Corneal Physician Bulletin: Keratoconus: Early Detection Could Improve Outcomes

A look at identifying and managing the condition
By Steve Lenier, contributing editor
            Because keratoconus (KC) is a progressive condition that can lead to increasing astigmatism and, therefore, significant impairment in vision, diagnosing the condition early and intervening as soon as possible should be a priority when it comes to these patients. 
            “…I would love for there to be a tool that a school nurse or pediatrician could use, attached to a smart phone, that can take a picture and can tell if the eye is abnormal or not,” says Kathryn M. Hatch, MD, Massachusetts Eye and Ear and Harvard Medical School. 
            Here, corneal specialists discuss how to best identify and manage the condition. 
Identifying KC
The early diagnosis of KC is achieved in three ways:
            1. Awareness of patient prevalence. Although KC can be seen in patients of all ages, it tends to present and be rapidly progressive during the teenage and pre-teen years, as well as in young adults in their 20s and 30s, say those interviewed.
            “Younger patients initially may present with rapidly progressing myopia and astigmatism,” says Kenneth A. Beckman, MD, Comprehensive Eyecare of Central Ohio and Ohio State University. “When they have uncorrectable vision, meaning they have a lot of astigmatism and we can’t quite get them to 20/20 [vision] with glasses, that’s when we may do more advanced testing.”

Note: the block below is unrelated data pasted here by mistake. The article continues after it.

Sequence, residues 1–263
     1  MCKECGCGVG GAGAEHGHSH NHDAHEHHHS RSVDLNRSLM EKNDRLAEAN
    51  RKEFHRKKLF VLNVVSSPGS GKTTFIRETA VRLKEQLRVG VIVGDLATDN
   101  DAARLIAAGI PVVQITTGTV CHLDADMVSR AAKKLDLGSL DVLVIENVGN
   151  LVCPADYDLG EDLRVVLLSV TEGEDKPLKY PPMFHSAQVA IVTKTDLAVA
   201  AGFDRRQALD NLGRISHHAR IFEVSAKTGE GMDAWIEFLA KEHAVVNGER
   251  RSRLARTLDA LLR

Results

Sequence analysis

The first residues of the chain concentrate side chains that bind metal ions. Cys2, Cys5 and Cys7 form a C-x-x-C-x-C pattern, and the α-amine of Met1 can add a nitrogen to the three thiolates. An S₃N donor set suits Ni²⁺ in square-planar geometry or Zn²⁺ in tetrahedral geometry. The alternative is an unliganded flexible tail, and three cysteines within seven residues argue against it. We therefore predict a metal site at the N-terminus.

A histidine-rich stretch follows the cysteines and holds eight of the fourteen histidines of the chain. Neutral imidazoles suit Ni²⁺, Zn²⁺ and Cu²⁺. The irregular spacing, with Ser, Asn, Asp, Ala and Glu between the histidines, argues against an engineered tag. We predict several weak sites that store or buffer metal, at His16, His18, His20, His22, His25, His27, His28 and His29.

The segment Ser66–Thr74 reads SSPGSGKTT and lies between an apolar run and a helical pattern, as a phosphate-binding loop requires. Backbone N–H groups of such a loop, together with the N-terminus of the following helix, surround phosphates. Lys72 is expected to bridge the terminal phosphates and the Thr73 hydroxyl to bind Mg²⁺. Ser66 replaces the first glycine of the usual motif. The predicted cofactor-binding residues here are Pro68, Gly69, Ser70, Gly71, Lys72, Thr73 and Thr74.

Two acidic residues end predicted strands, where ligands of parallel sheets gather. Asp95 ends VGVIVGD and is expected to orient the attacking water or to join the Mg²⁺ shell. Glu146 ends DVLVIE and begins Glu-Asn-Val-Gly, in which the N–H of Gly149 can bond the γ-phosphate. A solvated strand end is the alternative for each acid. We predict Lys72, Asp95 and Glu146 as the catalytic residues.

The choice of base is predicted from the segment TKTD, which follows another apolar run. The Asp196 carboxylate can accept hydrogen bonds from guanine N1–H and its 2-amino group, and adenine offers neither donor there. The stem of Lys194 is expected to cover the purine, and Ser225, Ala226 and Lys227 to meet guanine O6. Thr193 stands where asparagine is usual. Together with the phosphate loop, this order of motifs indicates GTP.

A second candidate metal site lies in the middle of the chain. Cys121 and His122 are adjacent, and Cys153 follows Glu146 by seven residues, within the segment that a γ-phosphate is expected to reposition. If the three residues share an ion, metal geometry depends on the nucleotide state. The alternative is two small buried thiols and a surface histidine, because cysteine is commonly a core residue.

Alan N. Carlson, MD, Duke University, agrees, saying he suspects a patient may have KC “if their prescription is changing, usually including an increasing myopic astigmatism. If the astigmatism is increasing over time, that tells you that you need to look further.”
            He adds that KC should be watched in anyone who has a family history of the condition. That said, Dr. Carlson notes only 7% of patients with keratoconus have a family member with the disease.
            Dr. Beckman offers that KC is commonly associated with people who have allergy problems.
            2. Awareness of patient behavior. “We know there’s a very strong association with eye rubbing and corneal ectasia, offers Dr. Hatch. 
            Dr. Beckman adds that it is not known how much of the rubbing actually contributes to KC, though there’s a belief that constant pushing on the eye itself weakens the tissue of the cornea.
            Sleeping position may also be a factor, Dr. Beckman says. 
            “A patient may sleep on one side, and the keratoconus on that side may be significantly steeper than the other, so it might be pressure being put on the eye while sleeping.”
            Dr. Carlson adds that if somebody has asymmetric KC, and one side is much worse, about 85% of the time, the patients sleep on that side. 
            “If I see advanced keratoconus in a young patient in both eyes, I’ll suspect that they sleep on their stomach, face down,” he explains. “So, they’ve got REM sleep underneath their eyelids, but the eyes have pressure on them, so they’re rubbing their eyes.”
            3. Diagnostic testing. Retinoscopy and corneal tomography aid in identifying KC, say those interviewed.
            “There’s a particular pattern we commonly see with earlier keratoconus,“ Dr. Beckman asserts, “called scissoring. Light reflected from the retinoscope scissors instead of looking like a solid line, and that’s a clue that the cornea is distorted.” 
            He adds that clinical signs that may be seen in more advanced KC include a Fleischer ring, striae folds in the cornea or thinning of the stroma. 
            Dr. Hatch points out that corneal tomography offers highly sensitive imaging that “allows us to see very mild elevation changes and irregular astigmatism.”